With other patients whose speech has been affected by stroke, depending on what part of the brain is affected, we use a technique called Melodic Intonation Therapy.  This uses the rhythm and melody of music to enable a person to learn to speak again.  It’s transforming and gives hope to regaining a sense of normalcy.

WHY IS MUSIC THERAPY BENEFICIAL FOR PATIENTS TO USE?

Music is a part of our lives from first cry to last breath. We are born having heard for months the sound of our mother’s heartbeat, the sounds of her voice, perhaps he singing or her music, feeling the movement of her walking, dancing.

Music is a part of birthdays, graduations, church services, school dances, ceremonies and brings with it a range of emotions which are imprinted on our mind and heart.  We can use those inherent music experiences to  stimulate the brain to reconnect us with hope, physical and emotional strength.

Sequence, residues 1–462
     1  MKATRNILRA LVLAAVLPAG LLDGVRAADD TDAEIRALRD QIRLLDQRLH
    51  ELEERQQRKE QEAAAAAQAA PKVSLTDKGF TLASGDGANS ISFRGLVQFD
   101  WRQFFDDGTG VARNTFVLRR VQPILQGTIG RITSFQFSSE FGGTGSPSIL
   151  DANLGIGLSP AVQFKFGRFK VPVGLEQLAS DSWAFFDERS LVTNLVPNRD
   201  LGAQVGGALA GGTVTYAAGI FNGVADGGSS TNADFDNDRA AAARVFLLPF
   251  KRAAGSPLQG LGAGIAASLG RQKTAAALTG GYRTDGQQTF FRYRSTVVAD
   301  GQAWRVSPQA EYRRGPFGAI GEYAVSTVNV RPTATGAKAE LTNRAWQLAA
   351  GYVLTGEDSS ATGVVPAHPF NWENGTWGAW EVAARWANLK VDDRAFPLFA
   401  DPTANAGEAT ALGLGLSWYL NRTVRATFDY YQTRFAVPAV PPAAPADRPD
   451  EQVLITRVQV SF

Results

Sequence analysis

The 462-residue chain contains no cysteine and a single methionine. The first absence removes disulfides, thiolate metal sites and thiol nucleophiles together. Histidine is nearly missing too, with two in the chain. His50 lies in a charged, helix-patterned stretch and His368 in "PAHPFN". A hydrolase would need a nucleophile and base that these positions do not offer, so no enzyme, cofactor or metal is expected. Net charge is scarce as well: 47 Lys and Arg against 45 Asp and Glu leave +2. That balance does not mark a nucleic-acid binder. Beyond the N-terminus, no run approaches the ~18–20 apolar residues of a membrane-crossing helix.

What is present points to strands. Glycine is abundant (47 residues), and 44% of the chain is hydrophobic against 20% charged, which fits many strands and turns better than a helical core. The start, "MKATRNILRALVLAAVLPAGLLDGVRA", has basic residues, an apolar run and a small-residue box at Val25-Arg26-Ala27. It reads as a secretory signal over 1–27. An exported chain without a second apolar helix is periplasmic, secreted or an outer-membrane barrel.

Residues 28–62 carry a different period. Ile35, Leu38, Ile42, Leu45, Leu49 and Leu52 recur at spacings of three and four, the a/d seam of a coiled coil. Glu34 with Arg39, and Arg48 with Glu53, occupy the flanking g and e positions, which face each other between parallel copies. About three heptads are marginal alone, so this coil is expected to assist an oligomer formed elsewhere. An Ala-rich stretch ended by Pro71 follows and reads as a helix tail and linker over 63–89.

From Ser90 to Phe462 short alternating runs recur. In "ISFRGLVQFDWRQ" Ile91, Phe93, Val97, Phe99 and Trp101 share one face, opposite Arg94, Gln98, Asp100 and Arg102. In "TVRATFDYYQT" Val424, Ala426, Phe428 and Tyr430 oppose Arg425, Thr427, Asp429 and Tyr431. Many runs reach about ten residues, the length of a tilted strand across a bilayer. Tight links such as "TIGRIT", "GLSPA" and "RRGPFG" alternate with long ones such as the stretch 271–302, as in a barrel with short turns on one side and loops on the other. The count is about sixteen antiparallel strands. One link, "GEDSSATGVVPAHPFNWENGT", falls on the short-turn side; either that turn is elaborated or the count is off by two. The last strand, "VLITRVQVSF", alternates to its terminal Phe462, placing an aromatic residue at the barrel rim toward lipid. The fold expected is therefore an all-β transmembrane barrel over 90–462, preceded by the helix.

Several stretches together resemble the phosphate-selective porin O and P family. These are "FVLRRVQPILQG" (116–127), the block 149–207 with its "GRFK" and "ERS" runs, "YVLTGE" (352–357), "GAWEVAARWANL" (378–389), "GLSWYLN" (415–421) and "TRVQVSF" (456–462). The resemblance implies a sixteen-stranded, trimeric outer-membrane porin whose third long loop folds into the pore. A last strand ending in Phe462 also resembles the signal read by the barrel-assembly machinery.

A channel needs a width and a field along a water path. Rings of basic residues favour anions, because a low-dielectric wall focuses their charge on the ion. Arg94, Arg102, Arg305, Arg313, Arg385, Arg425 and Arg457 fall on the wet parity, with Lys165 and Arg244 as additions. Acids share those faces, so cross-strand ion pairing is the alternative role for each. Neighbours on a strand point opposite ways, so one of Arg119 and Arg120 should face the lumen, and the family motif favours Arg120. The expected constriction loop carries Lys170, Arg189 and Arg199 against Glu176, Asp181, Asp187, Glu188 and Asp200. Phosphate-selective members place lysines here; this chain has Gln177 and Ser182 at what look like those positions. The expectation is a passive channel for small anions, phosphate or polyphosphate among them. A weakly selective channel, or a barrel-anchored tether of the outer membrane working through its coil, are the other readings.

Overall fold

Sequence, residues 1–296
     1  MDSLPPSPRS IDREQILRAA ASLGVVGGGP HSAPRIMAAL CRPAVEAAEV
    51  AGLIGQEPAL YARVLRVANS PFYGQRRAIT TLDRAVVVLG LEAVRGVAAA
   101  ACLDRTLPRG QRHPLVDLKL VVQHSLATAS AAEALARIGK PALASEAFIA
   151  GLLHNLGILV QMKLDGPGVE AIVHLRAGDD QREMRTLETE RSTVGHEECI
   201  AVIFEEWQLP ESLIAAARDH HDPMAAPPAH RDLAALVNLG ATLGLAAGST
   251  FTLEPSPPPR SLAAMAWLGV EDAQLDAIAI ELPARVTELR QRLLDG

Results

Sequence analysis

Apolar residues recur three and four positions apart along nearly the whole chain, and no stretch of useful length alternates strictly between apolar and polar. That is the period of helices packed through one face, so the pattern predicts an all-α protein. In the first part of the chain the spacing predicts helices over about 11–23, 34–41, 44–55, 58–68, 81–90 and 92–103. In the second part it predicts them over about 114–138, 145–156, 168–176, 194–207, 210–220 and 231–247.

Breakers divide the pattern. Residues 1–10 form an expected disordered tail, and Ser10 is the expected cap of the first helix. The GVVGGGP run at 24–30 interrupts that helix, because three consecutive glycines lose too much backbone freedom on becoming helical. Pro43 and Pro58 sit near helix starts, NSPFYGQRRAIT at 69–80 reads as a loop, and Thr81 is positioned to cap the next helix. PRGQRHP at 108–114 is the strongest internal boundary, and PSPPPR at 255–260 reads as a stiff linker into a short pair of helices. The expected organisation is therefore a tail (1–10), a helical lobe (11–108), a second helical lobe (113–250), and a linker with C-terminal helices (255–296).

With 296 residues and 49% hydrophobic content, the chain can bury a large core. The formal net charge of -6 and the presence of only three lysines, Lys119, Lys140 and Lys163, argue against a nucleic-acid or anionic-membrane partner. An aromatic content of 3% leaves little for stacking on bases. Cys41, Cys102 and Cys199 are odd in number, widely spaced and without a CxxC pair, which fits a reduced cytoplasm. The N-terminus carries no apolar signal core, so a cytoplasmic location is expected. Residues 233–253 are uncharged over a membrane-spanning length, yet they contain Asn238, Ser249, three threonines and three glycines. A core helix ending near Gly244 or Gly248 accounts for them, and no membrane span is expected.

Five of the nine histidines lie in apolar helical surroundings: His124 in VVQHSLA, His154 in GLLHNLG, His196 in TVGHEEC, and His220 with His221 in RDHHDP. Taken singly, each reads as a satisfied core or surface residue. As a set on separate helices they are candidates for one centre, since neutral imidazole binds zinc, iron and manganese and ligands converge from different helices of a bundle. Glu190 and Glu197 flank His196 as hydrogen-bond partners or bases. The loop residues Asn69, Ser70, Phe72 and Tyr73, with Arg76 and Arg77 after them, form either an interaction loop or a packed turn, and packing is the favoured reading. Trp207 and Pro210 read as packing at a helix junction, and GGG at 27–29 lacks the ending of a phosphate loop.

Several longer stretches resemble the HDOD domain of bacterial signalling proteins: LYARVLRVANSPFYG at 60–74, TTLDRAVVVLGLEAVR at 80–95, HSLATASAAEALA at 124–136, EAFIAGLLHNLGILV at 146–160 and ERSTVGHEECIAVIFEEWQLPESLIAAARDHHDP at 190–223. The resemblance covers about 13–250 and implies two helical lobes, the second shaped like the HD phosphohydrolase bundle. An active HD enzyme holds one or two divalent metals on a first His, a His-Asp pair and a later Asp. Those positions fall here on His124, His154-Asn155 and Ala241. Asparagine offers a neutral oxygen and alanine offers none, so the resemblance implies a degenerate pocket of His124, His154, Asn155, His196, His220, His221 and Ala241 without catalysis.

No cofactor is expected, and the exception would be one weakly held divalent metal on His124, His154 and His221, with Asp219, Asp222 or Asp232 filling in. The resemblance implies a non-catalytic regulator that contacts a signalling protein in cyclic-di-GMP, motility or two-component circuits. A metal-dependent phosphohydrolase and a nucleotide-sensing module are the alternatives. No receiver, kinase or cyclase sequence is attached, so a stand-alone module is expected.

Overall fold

IS MUSIC THERAPY THE SAME FOR ALL PATIENTS?

Not at all. Because the experience of music is different for each of us it is best to customize its use to the needs of each patient.  That may change as their illness improves or as their disease progresses.

WHAT HAPPENS DURING A TYPICAL MUSIC SESSION?

Each session is based upon the specific patient goal, i.e., to decrease pain, improve the quality of their gait, to encourage movement & range of motion, etc. So I may use a wind instrument, recorder, to increase deep or steady breathing and improve oxygenation.

Or a parent whose prognosis is poor may want to write a song for their children or spouse, so I facilitate that process by taking their words and setting them to the genre of music they choose.  Co-treating with physical therapists I can play music of the patient’s preference that supports the force and range of their muscle movement and range of motion.  Sessions vary widely.